“I think people are finding old photos of their apartment or their office, or someplace that they grew up, and they share it with friends of theirs, and it spreads,” he said regarding the site’s popularity.

Older San Francisco

OldNYC.org is the second site that Vanderkam has developed for navigating a library’s collection of digitized photographs. In December 2008, when he was living in San Francisco and working for Google, Vanderkam searched the San Francisco Public Library’s (SFPL) online San Francisco Historical Photograph Collection for old photographs of his neighborhood. Using nearby intersections as search terms, he managed to track down a photo that had been taken from his own roof 63 years earlier.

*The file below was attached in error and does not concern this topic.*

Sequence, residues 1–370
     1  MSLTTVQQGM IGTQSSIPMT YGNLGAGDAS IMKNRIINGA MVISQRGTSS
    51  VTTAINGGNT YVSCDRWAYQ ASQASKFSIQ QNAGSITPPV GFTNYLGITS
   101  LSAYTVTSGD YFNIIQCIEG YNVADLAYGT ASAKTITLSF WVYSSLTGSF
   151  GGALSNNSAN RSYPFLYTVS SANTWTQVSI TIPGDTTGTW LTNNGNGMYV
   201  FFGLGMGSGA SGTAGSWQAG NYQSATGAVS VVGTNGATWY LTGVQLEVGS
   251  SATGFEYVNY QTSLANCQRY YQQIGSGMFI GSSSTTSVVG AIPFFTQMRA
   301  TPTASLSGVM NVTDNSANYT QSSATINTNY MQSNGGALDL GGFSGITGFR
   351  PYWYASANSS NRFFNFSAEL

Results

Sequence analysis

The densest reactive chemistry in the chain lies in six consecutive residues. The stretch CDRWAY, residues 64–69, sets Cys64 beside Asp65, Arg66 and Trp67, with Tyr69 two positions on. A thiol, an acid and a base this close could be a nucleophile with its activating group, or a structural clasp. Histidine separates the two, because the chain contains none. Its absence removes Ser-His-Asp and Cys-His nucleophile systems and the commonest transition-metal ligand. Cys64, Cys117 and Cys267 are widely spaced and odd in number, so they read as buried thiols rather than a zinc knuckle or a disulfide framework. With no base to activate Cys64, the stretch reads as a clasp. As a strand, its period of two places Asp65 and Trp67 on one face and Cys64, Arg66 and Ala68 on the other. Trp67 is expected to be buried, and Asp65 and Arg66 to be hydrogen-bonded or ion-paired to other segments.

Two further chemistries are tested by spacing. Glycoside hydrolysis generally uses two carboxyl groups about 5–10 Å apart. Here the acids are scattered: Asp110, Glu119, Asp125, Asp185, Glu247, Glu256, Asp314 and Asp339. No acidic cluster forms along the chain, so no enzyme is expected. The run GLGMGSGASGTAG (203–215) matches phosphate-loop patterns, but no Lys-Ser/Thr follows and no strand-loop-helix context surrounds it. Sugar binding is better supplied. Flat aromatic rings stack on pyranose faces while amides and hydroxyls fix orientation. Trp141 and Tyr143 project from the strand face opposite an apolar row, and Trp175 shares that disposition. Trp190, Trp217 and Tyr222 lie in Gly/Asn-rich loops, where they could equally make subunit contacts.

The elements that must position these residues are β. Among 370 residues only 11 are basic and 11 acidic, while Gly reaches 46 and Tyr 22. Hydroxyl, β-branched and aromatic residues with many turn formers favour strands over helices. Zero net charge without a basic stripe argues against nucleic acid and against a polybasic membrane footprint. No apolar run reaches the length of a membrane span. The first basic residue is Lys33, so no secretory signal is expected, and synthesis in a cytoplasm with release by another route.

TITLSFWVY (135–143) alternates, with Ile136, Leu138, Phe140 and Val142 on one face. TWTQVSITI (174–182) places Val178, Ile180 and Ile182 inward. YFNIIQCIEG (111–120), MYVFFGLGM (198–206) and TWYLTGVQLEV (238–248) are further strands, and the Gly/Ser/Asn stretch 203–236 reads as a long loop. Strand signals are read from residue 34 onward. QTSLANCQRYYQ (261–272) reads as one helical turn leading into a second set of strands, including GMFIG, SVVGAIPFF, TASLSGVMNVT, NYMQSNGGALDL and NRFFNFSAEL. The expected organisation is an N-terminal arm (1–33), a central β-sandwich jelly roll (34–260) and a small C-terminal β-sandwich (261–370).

“It was really amazing to look at—to see the changes that had happened [to the neighborhood] over the years,” Vanderkam said. But he also noticed a problem—one of the streets that defined the photo’s location and made it searchable by keyword was actually mislabeled.

“It was one intersection over,” he said. “If the photo had been correctly labeled, it never would have come up in the search results for me. So it struck me at that point that using keyword search is not the right way to browse this [collection]. Really, the right way is a map, where you can look at your block, and then start looking around it for other areas that you’re familiar with.”